Study of currents along the Pt.Sur transect in February 1989
Collins, Curtis A.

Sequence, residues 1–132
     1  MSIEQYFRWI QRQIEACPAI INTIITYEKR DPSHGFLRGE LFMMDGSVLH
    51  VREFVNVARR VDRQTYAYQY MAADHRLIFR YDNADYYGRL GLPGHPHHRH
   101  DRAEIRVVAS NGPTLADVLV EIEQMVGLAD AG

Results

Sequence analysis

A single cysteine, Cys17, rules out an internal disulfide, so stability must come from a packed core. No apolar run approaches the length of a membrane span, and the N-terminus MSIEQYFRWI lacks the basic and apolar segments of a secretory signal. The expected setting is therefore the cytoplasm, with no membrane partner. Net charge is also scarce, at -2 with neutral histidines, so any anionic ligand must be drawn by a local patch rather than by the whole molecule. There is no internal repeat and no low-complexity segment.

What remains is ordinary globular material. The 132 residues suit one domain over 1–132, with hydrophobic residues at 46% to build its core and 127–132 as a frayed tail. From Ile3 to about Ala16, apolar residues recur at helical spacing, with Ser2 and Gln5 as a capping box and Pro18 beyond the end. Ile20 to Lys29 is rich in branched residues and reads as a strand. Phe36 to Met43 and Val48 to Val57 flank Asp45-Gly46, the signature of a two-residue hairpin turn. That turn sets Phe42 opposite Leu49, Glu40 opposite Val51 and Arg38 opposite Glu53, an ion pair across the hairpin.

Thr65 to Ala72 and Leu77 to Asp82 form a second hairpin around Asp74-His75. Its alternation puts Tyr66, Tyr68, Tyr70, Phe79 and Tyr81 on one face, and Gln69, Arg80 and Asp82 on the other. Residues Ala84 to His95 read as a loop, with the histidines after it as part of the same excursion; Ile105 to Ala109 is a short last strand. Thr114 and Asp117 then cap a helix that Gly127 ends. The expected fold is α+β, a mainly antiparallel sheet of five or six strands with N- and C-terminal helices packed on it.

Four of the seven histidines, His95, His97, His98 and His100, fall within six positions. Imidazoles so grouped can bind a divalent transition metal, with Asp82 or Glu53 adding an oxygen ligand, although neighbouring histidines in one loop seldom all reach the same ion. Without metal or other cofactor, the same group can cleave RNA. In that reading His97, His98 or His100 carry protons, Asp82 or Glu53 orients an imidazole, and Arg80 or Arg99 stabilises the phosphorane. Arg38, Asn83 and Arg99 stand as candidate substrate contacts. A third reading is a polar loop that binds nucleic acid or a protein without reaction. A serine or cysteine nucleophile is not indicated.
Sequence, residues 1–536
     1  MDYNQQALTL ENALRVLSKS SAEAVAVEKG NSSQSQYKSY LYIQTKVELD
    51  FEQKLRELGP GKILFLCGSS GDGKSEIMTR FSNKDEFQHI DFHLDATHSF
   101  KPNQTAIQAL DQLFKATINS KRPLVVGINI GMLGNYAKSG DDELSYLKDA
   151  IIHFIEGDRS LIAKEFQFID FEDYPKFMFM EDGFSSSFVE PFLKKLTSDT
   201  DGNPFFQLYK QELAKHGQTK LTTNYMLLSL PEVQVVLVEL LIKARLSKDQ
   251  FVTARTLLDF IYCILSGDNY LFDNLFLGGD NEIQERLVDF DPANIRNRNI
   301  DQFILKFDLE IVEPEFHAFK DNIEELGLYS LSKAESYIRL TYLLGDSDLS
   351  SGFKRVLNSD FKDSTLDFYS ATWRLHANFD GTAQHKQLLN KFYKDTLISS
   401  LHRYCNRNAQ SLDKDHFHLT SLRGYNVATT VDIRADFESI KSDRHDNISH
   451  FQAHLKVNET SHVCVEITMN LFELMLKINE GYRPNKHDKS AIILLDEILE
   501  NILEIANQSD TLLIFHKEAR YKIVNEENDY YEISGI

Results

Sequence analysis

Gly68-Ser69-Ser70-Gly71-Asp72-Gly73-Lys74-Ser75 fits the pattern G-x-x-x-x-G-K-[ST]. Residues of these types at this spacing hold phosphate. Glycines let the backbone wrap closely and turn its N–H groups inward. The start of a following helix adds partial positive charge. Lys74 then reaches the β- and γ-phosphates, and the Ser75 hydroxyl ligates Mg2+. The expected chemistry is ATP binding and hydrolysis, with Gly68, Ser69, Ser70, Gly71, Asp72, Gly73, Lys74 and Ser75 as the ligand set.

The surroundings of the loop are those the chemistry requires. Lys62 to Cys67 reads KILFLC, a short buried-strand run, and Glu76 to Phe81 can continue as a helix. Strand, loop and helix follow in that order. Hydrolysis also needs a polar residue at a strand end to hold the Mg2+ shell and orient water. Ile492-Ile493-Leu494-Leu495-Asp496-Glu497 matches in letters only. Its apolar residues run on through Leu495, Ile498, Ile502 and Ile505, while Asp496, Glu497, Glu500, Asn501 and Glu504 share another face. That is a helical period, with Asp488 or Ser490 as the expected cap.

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Ocean currents and density were measured ofT Point Sur, California in February' 1989 using Pegasus (an acoustically tracked velocity profiler), ADCP (a ship-mounted acoustic doppler current profiler), and CTD (conductivity, temperature, depth profiler). Absolute velocities are compared with geostrophy and various flow regimes are analyzed with respect to prominent features and historical and other recent data. Geostrophic cross-sections based on various levels of no motion (L\M) are compared. Temperature, salinity, and density fields are examined and correlated to velocity features. The California Current is a weak ( < 5 cm s) southeastward flow starting about 60 km from the coast. The Davidson Inshore Current is a strong ( > 25 cm/s) surfaceintensified core of warm, fresh water centered 30 km ofishore, and located in the top 100 m. A subsurface maximum of westward flow exists in a well-defined jet 100 m deep about 30 km off Point Sur. There is a trench jet located along the bottom between the continental slope and a seamount 33 km from the coast, which could either be topographically steered out of Monterey Canyon or recirculated from further ofishore. A band of alternating meridional velocity shears is seen in geostrophic sections (based on CTD data) 45-100 km from the coast, not supported by other data, and seems to be located in deep water near the edge of the continental margin. Its position in the water column can be shifted vertically by applying various LNMs, but based on density sections and .'XDCP data it appears to be a feature limited to the water below 1500 m. Otherwise, a 1000 m level of no motion seems to produce the best cross-section of geostrophic velocity.
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